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Hyperion Records

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Track(s) taken from CDA67504
Recording details: October 2004
Henry Wood Hall, London, United Kingdom
Produced by Eric Wen
Engineered by Tony Faulkner
Release date: June 2006
Total duration: 23 minutes 0 seconds

'The playing is outgoing and communicative, and each movement makes a distinct positive impression. In vivacious movements the sheer verve of the playing is irresistible … an extremely enjoyable issue' (Gramophone)

'Following beautiful discs of Bloch and Hubay, Hagai Shaham offers us a remarkable album of Grieg. Dominated by musical quality without fault, these interpretations are also worth for perfect balance between the two instruments … in the three sonatas Shaham knew how to preserve a mixture of simplicity and thrifty lyricism which characterizes them … a beautiful good album' (Diapason, France)

'It is always a treat to get a Shaham-Erez recording to review … in this recording the violin and piano are treated as equal partners. Both instruments are reproduced in a way that allows everything to be heard in the musical equivalent to full natural color. Their musicianship is superb' (American Record Guide)

'Any rival versions to this Hyperion disc will have to be truly exceptional, for this issue is, in almost every respect, going to be hard to beat. The recording quality is first-class—the balance between the instruments is ideal, and the performances have clearly been thought through with considerable musicianship. This is a first-rate issue' (International Record Review)

'A strong recommendation' (Fanfare, USA)

'For each sonata has its own distinctive personality, while each also finds the composer in full command of the duo combination as a partnership of equals. Full marks then to the collaboration of Shaham and Erez, and to the Hyperion recording, which has such a natural perspective. For example, the violin tone in climactic passages, such as the second movement of Op 8, is particularly imposing and effective. The two players bring to the music a spontaneous flow … as a mark of their success, great moments such as the arrival of the ‘big tune’ in the dance-like finale of the Sonata No 3 can be heard for all they are worth’ (MusicWeb International)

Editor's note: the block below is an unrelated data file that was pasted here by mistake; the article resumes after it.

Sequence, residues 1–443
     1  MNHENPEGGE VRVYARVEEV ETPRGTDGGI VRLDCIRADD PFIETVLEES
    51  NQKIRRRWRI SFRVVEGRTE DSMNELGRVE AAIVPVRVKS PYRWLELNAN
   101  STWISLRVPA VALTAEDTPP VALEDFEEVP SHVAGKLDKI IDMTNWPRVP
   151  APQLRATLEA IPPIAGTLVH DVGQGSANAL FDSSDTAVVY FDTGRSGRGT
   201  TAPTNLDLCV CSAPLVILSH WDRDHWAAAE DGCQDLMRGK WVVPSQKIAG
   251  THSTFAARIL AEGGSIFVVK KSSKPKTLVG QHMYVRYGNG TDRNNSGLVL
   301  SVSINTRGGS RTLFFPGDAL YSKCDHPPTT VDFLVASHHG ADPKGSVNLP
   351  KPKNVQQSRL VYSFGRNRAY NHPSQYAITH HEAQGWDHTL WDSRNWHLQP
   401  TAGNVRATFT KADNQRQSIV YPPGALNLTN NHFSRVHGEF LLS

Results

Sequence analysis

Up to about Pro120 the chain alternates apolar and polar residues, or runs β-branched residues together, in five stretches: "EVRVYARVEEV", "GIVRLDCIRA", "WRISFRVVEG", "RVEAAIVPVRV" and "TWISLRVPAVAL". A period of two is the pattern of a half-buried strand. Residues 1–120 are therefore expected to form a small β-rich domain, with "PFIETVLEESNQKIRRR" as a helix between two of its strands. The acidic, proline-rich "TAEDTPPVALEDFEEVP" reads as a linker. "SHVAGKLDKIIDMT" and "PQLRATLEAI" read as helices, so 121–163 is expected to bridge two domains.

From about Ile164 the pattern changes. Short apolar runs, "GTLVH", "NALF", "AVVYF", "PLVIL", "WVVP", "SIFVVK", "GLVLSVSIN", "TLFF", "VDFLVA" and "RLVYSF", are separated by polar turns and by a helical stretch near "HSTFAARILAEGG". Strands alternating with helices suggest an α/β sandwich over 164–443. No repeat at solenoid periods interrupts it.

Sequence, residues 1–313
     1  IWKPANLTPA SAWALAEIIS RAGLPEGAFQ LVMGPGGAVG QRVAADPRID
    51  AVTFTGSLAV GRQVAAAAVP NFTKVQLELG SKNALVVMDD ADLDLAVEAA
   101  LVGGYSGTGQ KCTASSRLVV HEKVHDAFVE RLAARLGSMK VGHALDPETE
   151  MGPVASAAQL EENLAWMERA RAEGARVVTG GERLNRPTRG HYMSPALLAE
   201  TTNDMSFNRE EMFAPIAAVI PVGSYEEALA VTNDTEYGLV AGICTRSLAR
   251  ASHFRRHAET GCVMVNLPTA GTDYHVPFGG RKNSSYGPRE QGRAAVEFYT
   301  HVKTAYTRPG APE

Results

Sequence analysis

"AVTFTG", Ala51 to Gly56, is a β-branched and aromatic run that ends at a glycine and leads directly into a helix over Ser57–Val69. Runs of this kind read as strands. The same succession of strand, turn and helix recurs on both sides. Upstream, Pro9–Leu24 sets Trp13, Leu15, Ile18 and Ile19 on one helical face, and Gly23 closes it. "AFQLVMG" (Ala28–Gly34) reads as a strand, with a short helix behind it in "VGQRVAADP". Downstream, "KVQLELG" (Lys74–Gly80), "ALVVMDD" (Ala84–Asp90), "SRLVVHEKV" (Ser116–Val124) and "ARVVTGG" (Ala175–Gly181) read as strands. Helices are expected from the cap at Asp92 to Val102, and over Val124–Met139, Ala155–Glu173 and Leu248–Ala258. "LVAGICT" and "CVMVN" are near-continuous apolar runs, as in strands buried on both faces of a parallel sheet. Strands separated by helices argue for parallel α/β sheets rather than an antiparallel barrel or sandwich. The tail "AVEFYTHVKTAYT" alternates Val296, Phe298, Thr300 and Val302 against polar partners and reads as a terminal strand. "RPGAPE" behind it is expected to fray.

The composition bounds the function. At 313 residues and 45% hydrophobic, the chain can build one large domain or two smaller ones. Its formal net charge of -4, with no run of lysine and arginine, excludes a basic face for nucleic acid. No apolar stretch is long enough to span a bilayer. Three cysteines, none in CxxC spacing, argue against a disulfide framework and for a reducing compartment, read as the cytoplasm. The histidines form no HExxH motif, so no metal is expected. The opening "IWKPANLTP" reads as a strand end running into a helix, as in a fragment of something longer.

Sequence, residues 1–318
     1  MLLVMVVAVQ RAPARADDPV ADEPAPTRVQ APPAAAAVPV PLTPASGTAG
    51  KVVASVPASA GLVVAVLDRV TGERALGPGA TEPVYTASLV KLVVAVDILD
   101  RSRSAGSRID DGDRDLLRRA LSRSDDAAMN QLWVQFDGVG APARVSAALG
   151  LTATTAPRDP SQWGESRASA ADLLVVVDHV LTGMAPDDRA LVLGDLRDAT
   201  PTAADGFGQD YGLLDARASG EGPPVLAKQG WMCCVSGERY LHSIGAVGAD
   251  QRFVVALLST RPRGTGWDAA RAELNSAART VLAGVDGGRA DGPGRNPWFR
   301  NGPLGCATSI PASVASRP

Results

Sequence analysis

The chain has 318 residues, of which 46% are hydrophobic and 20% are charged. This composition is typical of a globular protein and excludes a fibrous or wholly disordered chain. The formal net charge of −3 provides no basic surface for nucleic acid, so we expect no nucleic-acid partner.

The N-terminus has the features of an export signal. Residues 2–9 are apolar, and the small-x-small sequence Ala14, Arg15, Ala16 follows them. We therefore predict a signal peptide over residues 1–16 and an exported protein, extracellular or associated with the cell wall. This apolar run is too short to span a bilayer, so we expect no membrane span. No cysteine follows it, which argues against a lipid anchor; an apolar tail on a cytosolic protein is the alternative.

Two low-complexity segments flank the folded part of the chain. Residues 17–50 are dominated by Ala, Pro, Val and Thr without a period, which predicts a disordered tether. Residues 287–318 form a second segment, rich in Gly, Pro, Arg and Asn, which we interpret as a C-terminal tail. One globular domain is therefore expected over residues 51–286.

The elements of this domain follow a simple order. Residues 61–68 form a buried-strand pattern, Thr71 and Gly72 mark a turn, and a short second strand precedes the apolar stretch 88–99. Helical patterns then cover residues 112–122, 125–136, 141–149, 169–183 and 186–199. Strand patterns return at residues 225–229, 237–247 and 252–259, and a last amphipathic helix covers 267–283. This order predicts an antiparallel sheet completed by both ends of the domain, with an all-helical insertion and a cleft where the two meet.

'In these brilliant, exuberant and flawless performances technical means and exquisite interpretations are bound together in a pure and attractive manner … prick up your ears especially for the magnificent transition to melancholy in the Allegretto tranquillo of Sonata No 2 … this is a superb duo' (Luister, Netherlands)

'Hagai Shaham et Arnon Erez ont su nous faire entendre tour à tour les motifs principaux sans véritable 'amalgame' de leurs voix, ont pu trouver une grande homogénéité de style et un parfait équilibre sonore et ont réussi à faire resortir toutes les innovations mélodiques, harmoniques et rythmiques imaginées par Grieg' (Classica, France)

Violin Sonata No 3 in C minor, Op 45
composer
1887

Introduction  EnglishFrançaisDeutsch